Pro-tip: Throughout your publishing journey, there will be many milestones. The day you sign with a literary agent. The day you get your first advance payment. The day you see your book in a shop for the first time. Celebrate each of these! Make the occasion special! Otherwise, you’ll be so wrapped up in the next deadline that you’ll miss the chance to rest and enjoy the fruits of your labor.
From Selling the Manuscript to Holding the Book
Are you done with your work once the publisher buys the book? Nope! Prepare yourself for even more revising!
After being bought, most books will go through at least one round of developmental edits, dealing with big changes focused on plot, pacing, and characters. The Eleventh Trade went through two of these big picture revisions. My second book, The Invisible Boy, had to be rewritten basically from scratch five times before we could go to the next step.
Next up: Copyediting. Now that all the story pillars are in place, it’s time to look at paragraphs and sentences. Where can the writing be stronger? This is detailed editing that still keeps the overall picture in mind, and at this point you can still add or cut generously if you need to.
Then: Line editing. The focus narrows to sentences and individual words. Your line editor might fact check for you to make sure you have all your details right and consistent. For instance, if your character’s phone battery is almost dead at the beginning of the chapter but they’re having a video call at the end, a line editor would point out that there’s some inconsistency. At this point, you can edit sentences, but you really can’t add or cut from a scene in big ways because the interior pages have been designed.
Finally: Proofreading. The nitty gritty, hyper-close look at words, periods, commas, etc. You can squeeze a few words into a sentence if you absolutely must, but all changes have to be kept tiny. Don’t assume your proofreader will catch everything—they’re only human. Be prepared to do some close reading yourself. And be prepared for typos to show up even with all of that.
From the time you sell your book to the time you make your last edit is (normally) about two years. Keep in mind that there are months of waiting between every step of the editing process, while your editor works on their side of the world. You’ll go through stretches of dull aimlessness, followed by frantic bursts of tight deadlines, and then more waiting again.
Pro-tip: I’ve found it really useful to do a family read-aloud somewhere between the line editing and proofreading stages. You can do this with friends, too. Try to set aside an entire day with two to four other people and read the book out loud from cover to cover. I always find last minute mistakes and errors with this method!
A Word on Covers
In the world of traditional publishing, the author doesn’t get a whole lot of say in the cover of their book—but the publisher knows a happy author will sell more books, and so that gives you some leverage!
Normally the publisher will present you with some concept art first, to see what you think of the general direction they’re going. From there, you might be given the chance to do a little bit of back and forth, but it will be limited. Be prepared to be pleased with whatever you get. At the end of the day, your book will be on the shelf!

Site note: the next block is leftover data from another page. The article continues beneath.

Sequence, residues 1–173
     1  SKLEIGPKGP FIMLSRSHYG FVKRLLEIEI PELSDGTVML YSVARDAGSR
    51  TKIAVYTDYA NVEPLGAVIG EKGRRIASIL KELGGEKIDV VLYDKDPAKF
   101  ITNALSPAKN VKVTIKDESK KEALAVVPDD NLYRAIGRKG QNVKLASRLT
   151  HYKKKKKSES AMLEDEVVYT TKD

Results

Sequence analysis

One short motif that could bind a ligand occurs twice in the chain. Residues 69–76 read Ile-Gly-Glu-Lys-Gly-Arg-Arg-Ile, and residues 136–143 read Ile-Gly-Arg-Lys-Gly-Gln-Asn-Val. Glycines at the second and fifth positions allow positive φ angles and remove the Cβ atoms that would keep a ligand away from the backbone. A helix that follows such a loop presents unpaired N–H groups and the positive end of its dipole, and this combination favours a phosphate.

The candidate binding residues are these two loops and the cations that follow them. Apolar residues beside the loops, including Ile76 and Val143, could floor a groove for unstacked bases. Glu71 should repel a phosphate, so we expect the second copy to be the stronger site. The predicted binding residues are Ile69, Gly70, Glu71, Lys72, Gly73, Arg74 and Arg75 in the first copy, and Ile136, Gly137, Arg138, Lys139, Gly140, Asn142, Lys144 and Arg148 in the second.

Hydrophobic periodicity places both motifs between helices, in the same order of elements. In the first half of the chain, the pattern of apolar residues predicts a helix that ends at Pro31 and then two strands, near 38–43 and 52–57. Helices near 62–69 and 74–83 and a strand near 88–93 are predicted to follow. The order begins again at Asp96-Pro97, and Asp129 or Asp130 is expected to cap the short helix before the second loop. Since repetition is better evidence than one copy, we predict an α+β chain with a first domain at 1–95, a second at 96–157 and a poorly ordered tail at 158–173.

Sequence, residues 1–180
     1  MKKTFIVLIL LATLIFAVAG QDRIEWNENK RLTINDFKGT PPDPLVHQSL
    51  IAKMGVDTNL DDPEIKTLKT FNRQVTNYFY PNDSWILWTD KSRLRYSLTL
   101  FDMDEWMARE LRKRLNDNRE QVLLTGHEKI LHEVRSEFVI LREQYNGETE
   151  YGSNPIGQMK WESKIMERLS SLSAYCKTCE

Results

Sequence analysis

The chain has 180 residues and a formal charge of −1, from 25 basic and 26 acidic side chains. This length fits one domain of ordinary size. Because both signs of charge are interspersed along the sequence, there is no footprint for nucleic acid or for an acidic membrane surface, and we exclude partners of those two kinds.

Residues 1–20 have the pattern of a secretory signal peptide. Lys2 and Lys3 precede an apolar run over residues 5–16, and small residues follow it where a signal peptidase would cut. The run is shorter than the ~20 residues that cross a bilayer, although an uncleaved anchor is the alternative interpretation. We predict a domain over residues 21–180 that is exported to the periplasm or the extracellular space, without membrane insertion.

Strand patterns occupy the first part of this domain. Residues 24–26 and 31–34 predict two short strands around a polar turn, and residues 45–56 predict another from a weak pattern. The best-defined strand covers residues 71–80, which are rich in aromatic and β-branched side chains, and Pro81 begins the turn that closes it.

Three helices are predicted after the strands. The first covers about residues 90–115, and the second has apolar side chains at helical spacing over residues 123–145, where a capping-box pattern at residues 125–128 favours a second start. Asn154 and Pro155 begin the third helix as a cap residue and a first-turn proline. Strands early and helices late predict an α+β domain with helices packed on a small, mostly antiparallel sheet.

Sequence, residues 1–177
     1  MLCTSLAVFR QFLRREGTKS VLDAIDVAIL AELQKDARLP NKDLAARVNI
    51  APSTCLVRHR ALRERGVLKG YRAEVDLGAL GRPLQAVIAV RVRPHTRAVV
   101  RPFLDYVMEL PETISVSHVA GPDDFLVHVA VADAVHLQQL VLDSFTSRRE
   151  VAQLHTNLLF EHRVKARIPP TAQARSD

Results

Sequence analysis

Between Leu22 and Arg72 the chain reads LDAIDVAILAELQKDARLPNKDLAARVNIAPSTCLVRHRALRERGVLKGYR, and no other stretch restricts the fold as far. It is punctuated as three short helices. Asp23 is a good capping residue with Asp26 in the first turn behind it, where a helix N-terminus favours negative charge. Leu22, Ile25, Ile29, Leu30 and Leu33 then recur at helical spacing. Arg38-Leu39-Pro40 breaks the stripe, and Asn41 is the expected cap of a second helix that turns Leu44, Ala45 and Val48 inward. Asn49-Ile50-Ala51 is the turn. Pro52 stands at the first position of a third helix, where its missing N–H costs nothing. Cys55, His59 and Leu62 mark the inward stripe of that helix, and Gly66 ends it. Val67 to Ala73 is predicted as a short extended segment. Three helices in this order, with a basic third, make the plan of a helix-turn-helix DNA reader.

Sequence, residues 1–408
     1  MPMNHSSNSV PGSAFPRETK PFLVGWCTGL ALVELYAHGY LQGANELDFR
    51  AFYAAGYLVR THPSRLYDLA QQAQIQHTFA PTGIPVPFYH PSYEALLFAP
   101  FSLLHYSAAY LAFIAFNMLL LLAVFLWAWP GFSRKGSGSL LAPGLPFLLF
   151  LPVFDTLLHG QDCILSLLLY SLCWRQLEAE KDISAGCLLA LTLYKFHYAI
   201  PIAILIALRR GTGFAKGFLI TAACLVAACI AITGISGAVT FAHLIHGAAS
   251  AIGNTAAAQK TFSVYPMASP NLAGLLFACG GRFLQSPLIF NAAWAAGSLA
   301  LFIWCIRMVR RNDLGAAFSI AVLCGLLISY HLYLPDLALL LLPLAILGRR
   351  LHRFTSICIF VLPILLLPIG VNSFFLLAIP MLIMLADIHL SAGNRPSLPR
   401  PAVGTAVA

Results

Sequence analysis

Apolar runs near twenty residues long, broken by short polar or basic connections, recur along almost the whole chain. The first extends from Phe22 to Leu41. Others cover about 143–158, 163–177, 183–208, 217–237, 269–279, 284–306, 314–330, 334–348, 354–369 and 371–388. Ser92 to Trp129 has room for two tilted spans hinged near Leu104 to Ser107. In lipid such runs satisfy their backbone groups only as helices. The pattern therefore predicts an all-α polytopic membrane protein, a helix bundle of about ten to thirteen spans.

Launching the Book
After two years of work, it’s finally time—your book is out!
In the weeks leading up to release, reviews will start trickling in. This can be both exciting and nerve-wracking! Most of the time, your publicist will pass them on to you—but it doesn’t hurt to have a Google alert on your name so you get an email when a smaller publication puts something out.
On or near the day of your launch, it’s common to have something called a launch party. This is a bit like a birthday party, but with your book. Normally you, your publicist, and a local bookstore will have worked together to set everything up. There will be cake, there will be reading, there will be Q&A time… and it will all be fabulous!
If you’re very lucky, your publisher might even have arranged a little tour or series of school visits for you to go on! It’s a hectic but very fun and rewarding time.
Pro-tip: Practice public speaking and reading before your launch. I keep my personal copy of my book on me for these events. It has all of the different excerpts I like to read marked, and all of those scenes have my notes that tell me when to breathe, when to change my voice, when to slow down or speed up my reading. This is a huge confidence boost when your nerves act up in front of people!
After the Launch
In the lull after the launch, it can get a bit glum. Not going to lie. Be prepared for the post-publication exhaustion. Don’t expect yourself to spring right back into your daily writing sessions or to plot out the next series right away. You’ve just been stretched, and you need a little time to catch your breath.
Hopefully during this whole process, you were still working on your other ideas. (I like to have one manuscript in revision, one in drafting, and one in brainstorming all at once if I can manage it—but even I have to just step back from all that sometimes.) If so, you have some direction for your next steps. Once you’ve had a rest.
And your agent will be asking about what you’re working on, and you’ll send some samples, and the whole process begins again.